Both of Chris Marker’s films included in the new Criterion Blu-ray upgrade of La Jetée and Sans Soleil are the kind you want to return to again and again, albeit for different reasons.
1963’s La Jetée is an invigorating, irresistible science fiction masterpiece. Composed entirely of still photographs — save for one sublime moving image — and running only 27 minutes, the film is a master class in visual and storytelling economy. After World War III has decimated the world, rendering it uninhabitable, a sinister group of underground survivors sends a man backward and forward through time to find a viable means of survival. Obsessed with an image of a woman from his childhood, the man eventually meets her and falls in love. Marker parses time travel through the lens of longing, lending the film an emotional immediacy that’s accompanied by a richly thought-provoking dissection of desire and memory. You want to watch it over and over for the way it simultaneously comforts and unnerves you.
1983’s Sans Soleil almost completely lacks the satisfying immediacy of La Jetée. Indeed, its free-associative construction and philosophical ponderings don’t present an obvious entry point anywhere. A sort of travelogue jumping back and forth between Japan and the impoverished African countries of Guinea-Bissau and the Cape Verde Islands, the film features a female narrator reading the letters of a fictional cameraman, whose observations on cultural perception, the construction of history and the vagaries of memory pour forth in a stream-of-consciousness whirlwind.
Bookended by a visit to Sweden, where an image of three children just before a volcano eruption haunts and confounds the cameraman, Sans Soleil has a similar effect on the viewer. Interspersed in the middle of the film is a visit to the shooting locations in San Francisco of Alfred Hitchcock’s Vertigo, an obsession of Marker’s in which the theme of grasping at a memory seems to echo through the entirety of both Marker films on this disc.
In Sans Soleil, the ravishing imagery holds the attention even if the subject matter doesn’t clearly emerge on a single viewing. In Marker’s world, the truth of an image and our memory of it are fluid entities, making it an ideal candidate for a revisit every now and again.
The Blu-ray Disc
Both films are presented in 1080p high definition with aspect ratios of 1.66:1. La Jetée gets the stronger visual presentation here, with its black-and-white still images displaying an enormous amount of fine detail and rich texture. Many of the shots are high-contrast, but the transfer doesn’t overdo it, allowing for stable black and white levels. Sans Soleil, shot on 16mm in a variety of conditions, is more variable in terms of quality, with certain shots displaying a fair amount of damage. Still, overall it looks good, with clean, stable colors and a grainy, film-like image. Occasionally, the heavy grain looks like digital noise, but the transfer resolves most of it satisfactorily.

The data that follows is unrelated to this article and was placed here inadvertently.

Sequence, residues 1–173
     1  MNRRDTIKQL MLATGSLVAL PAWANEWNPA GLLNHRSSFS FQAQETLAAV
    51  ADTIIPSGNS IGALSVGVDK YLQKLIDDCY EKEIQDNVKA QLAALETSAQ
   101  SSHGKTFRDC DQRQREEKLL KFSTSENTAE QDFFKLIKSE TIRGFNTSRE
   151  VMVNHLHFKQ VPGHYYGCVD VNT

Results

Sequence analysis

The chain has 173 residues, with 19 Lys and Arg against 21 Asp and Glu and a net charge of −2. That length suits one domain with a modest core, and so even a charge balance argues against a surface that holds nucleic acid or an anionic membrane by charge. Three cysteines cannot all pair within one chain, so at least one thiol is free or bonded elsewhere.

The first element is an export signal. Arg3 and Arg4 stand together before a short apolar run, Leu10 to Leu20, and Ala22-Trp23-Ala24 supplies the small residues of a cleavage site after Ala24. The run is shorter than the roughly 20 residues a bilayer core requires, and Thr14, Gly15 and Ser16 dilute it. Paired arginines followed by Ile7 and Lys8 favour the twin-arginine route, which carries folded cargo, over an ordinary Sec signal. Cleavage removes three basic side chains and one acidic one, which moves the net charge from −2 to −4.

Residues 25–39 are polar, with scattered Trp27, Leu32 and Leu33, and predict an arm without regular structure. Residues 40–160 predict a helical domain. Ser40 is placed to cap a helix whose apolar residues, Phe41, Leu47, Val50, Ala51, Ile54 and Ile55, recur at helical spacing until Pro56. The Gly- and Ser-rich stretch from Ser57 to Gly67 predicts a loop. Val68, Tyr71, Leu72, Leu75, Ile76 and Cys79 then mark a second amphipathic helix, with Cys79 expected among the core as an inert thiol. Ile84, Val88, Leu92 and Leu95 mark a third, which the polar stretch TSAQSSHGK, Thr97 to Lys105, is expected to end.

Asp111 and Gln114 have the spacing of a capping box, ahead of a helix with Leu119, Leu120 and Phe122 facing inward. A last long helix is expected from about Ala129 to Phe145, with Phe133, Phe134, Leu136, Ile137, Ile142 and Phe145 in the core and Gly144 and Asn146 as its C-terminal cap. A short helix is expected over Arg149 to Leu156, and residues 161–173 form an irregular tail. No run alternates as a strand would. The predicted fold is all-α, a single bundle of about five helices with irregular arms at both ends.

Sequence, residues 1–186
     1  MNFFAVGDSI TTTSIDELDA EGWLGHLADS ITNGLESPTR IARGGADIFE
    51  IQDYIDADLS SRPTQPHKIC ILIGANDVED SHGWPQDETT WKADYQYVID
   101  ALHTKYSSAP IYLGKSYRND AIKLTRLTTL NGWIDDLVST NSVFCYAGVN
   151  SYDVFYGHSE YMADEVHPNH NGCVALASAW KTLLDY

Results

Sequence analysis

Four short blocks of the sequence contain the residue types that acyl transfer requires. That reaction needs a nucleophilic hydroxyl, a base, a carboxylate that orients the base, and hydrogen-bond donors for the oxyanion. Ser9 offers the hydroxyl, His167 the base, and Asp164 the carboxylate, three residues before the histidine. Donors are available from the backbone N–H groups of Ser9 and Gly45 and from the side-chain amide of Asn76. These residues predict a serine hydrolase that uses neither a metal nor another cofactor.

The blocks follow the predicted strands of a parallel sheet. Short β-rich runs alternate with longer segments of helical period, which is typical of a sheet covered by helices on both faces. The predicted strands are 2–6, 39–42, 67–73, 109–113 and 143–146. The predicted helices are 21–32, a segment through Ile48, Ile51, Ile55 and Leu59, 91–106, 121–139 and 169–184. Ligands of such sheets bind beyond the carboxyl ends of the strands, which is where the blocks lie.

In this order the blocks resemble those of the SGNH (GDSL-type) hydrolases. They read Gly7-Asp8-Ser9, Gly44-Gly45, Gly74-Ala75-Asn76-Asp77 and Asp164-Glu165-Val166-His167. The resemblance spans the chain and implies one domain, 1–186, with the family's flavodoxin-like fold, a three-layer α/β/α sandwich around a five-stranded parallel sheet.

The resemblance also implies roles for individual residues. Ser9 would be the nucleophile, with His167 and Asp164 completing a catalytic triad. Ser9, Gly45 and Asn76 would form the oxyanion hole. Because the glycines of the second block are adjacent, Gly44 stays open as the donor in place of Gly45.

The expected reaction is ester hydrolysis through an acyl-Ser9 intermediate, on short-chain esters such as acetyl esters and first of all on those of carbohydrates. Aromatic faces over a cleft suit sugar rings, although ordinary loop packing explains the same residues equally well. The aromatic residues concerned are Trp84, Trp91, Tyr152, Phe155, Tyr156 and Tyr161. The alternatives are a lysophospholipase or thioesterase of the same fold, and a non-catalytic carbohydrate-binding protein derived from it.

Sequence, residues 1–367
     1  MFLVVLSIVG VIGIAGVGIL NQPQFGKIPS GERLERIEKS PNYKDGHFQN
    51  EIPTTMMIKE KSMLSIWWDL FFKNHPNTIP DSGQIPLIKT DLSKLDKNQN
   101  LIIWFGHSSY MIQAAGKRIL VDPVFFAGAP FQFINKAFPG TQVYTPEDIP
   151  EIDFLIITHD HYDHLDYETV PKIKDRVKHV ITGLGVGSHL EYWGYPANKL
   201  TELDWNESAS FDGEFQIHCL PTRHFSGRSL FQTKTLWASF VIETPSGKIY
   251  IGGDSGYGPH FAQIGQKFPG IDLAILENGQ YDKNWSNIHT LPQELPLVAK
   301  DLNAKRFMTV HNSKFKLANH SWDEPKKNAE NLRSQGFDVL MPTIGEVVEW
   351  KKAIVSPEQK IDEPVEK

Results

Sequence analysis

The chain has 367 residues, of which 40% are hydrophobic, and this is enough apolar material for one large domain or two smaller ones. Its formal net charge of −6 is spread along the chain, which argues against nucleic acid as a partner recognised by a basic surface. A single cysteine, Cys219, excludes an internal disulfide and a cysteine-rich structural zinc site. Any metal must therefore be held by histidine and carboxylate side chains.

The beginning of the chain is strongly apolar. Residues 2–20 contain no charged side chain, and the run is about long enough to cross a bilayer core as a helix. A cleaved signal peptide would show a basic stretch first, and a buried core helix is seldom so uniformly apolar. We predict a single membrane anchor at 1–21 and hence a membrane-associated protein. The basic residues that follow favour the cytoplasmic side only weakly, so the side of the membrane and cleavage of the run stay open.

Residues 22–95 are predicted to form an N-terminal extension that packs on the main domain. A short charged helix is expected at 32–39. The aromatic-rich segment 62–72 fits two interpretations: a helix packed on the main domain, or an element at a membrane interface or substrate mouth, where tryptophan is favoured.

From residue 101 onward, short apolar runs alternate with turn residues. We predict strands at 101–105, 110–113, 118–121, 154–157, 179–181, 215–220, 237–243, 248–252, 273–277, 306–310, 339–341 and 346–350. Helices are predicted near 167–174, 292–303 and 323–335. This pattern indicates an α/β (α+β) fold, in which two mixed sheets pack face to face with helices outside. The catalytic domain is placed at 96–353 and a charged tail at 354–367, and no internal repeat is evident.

Both films feature uncompressed monaural soundtracks. Neither film features sync sound, so the majority is narration and some additional separately recorded nat sound on Sans Soleil. The audio is clean and clear throughout. Both films feature the option of subtitled French narration or English narration, both created by Marker, who prefers the viewer select the language they’re most familiar with.
Everything from Criterion’s 2007 DVD edition is ported over here, with most of it categorized under La Jetée’s heading. There, we get a nonconventional interview with filmmaker and friend Jean-Pierre Gorin, who discusses Marker and his work in a number of abstract segments. A more straightforward look at Marker from Chris Darke features interviews with filmmaker Michael Shamberg, who received assistance from Marker on his film Souvenir, and Terry Gilliam, whose 12 Monkeys is based on La Jetée. Two brief excerpts from a French TV program look at Vertigo’s influence on Marker and a La Jetée homage in the Mark Romanek-directed David Bowie music video for “Jump They Say.”
Under the Sans Soleil heading is another interview with Gorin and new to this Blu-ray edition, Marker’s 1981 short Junkopia about an art installation in the Emeryville Mudflats, shot with the assistance of Francis Ford Coppola’s Zoetrope Studios.
The package also includes a thick booklet with an essay by scholar Catherine Lupton on the two films and others in Marker’s career, an interview with Marker and notes on the films.
The Bottom Line
A solid visual upgrade for Marker’s two indelibly distinctive films, the Blu-ray edition of La Jetée and Sans Soleil is one well worth visiting and revisiting many times.Powered by Sidelines